Knee OA Patients May Be Able to Switch from NSAIDs to Cognitive Behavioral Therapy

Patients with osteoarthritis (OA) of the knee may be able to switch from nonsteroidal anti-inflammatory drug (NSAID) therapy to meloxicam or cognitive behavioral therapy without significant differences in pain after about three months, according to a randomized withdrawal trial.

“Nonsteroidal anti-inflammatory drugs (NSAIDs) are commonly prescribed for knee osteoarthritis. However, they are associated with uncertain long-term clinical benefit and significant toxic effects,” the researchers explained in JAMA Internal Medicine.

The Stopping NSAIDs for Arthritis Pain trial included 364 patients who were taking NSAIDs for their arthritis pain most days of the week for at least three months between Sept. 1, 2013, and Sept. 30, 2018. Over a two-week period, patients terminated their current NSAID treatment and took meloxicam 15 mg daily, after which patients who were still eligible were randomized 1:1 to receive either meloxicam or placebo for four weeks. For the next 10 weeks, the meloxicam group continued this course of treatment, and the placebo group was enrolled in a 10-week cognitive behavioral therapy program. The main outcome measure was four-week Western Ontario and McMaster Universities Osteoarthritis Index (WOMAC) pain score with a noninferiority margin of 1. Additional outcomes were the area under the curve of the pain score at four weeks and 14-week WOMAC pain score, area under the curve of the pain score, WOMAC disability score, and global impression of change.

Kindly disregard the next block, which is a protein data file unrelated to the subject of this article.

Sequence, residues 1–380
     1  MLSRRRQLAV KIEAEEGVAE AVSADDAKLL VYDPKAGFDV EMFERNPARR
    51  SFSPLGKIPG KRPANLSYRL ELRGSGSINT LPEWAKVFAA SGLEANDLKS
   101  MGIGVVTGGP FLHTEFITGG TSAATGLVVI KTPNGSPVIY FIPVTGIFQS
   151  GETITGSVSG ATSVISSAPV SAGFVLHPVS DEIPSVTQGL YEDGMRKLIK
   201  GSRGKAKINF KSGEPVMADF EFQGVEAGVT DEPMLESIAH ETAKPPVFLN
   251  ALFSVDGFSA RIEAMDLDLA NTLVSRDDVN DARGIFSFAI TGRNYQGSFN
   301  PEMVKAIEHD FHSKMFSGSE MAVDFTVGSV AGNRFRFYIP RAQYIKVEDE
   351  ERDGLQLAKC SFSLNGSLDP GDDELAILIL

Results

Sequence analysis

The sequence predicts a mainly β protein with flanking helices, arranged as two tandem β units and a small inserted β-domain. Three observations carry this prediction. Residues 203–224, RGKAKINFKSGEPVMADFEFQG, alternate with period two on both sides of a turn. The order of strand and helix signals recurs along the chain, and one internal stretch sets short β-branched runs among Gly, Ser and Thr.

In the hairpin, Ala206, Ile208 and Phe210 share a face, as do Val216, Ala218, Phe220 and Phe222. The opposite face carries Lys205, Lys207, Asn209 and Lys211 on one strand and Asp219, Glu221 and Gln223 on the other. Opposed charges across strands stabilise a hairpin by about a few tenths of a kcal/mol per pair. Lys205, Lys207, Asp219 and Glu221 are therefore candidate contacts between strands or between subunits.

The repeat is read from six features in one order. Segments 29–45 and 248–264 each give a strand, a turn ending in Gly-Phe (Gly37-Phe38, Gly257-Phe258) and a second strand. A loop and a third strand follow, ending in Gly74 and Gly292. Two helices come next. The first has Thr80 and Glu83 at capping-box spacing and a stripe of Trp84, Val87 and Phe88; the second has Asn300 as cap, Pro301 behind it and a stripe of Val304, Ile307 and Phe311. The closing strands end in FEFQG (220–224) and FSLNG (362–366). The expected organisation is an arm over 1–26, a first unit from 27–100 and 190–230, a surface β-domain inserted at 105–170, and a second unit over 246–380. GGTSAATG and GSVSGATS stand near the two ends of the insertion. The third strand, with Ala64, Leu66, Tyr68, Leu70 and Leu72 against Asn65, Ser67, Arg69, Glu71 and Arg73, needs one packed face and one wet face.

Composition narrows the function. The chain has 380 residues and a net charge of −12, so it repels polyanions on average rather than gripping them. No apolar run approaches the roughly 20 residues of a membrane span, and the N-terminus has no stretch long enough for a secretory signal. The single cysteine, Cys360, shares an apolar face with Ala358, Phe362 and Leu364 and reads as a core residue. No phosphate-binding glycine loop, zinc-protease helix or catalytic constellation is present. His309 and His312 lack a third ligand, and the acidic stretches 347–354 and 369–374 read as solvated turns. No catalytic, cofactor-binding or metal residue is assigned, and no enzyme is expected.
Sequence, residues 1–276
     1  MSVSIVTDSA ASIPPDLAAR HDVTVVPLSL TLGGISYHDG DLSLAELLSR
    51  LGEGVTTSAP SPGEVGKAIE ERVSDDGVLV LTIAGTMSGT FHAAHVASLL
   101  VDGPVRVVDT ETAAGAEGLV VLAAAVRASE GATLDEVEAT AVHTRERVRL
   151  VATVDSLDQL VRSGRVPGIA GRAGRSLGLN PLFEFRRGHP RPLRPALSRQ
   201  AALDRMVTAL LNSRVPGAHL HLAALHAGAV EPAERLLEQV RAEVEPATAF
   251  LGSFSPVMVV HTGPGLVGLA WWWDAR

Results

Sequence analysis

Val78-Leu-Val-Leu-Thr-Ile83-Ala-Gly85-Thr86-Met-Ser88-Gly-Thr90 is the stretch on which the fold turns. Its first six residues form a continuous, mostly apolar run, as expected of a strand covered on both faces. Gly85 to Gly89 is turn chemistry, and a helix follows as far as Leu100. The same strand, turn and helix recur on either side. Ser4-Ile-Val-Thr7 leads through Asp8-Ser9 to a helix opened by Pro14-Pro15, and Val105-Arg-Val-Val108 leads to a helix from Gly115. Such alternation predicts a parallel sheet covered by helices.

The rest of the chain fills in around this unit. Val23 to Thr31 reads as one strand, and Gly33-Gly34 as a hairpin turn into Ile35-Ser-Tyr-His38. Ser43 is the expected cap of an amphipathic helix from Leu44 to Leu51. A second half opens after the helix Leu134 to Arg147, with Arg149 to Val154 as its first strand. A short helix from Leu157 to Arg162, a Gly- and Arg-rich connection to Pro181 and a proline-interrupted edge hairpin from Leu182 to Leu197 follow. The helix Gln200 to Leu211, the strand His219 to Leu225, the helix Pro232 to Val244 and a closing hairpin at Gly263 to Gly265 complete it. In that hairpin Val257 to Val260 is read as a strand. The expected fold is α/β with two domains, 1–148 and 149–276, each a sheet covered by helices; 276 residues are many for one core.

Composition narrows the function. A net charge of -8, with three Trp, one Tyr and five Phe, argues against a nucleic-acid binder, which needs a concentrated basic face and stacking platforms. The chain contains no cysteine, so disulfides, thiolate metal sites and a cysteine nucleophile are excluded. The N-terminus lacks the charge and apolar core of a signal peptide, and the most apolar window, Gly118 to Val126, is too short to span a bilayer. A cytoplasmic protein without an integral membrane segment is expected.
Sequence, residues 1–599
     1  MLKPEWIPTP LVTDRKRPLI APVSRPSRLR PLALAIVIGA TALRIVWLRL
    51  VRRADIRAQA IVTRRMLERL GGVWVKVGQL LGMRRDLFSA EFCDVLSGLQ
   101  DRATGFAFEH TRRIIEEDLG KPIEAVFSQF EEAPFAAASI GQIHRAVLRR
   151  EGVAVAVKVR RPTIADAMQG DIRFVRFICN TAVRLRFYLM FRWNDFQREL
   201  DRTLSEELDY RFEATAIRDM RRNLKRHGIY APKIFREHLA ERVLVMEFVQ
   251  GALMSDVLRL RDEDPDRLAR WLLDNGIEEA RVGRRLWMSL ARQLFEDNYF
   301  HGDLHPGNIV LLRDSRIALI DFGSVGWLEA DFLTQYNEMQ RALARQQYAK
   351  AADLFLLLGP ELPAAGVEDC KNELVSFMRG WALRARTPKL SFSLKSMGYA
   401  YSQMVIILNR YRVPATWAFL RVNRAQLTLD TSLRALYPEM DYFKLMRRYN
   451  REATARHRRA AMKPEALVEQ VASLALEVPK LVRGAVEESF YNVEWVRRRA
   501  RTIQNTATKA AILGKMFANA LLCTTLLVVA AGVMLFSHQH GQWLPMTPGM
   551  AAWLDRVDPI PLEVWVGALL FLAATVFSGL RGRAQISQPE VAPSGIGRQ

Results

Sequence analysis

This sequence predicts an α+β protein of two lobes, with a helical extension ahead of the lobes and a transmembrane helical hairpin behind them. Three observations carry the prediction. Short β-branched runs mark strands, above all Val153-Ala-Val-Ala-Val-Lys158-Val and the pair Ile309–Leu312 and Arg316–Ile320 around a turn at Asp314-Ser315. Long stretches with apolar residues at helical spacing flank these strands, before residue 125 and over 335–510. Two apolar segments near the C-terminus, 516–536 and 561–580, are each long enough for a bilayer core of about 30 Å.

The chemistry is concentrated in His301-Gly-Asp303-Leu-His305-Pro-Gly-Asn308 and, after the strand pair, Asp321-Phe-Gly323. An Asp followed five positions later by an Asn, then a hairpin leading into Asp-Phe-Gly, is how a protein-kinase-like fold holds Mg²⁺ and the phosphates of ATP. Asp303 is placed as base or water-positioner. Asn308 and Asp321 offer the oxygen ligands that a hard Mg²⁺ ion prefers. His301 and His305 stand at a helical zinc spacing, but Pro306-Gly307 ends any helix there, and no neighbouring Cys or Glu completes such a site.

Final analysis included 180 patients (mean [SD] age, 58.2 [11.8] years; 161 were male) randomized to the placebo then cognitive behavioral therapy group and 184 patients (mean [SD] age, 58.5 [10.0] years; 154 were male) randomized to receive meloxicam. After four weeks, when adjusting for baseline pain and study site, the estimated between-group mean difference in WOMAC score after four weeks was 1.4 (95% confidence interval [CI], 0.8 to 2.0; noninferiority test P=0.92); after 14 weeks, however, the difference was no longer as significant (0.8; 95% CI, 0.2 to 1.4; noninferiority P=0.28). Also at 14 weeks, the groups did not significantly differ in the global impression of change (mean difference in scores, –0.2; 95% CI, –0.4 to 0.1; P=0.15) or lower extremity disability (0.9; 95% CI, –1.4 to 3.2; P=0.45).

The researchers summarized, “Among patients with knee osteoarthritis, placebo and CBT (after placebo) are inferior to meloxicam. However, the WOMAC pain score differences between the 2 groups were small, and there were no statistically significant differences in participants’ global impression of change or function after 14 weeks.”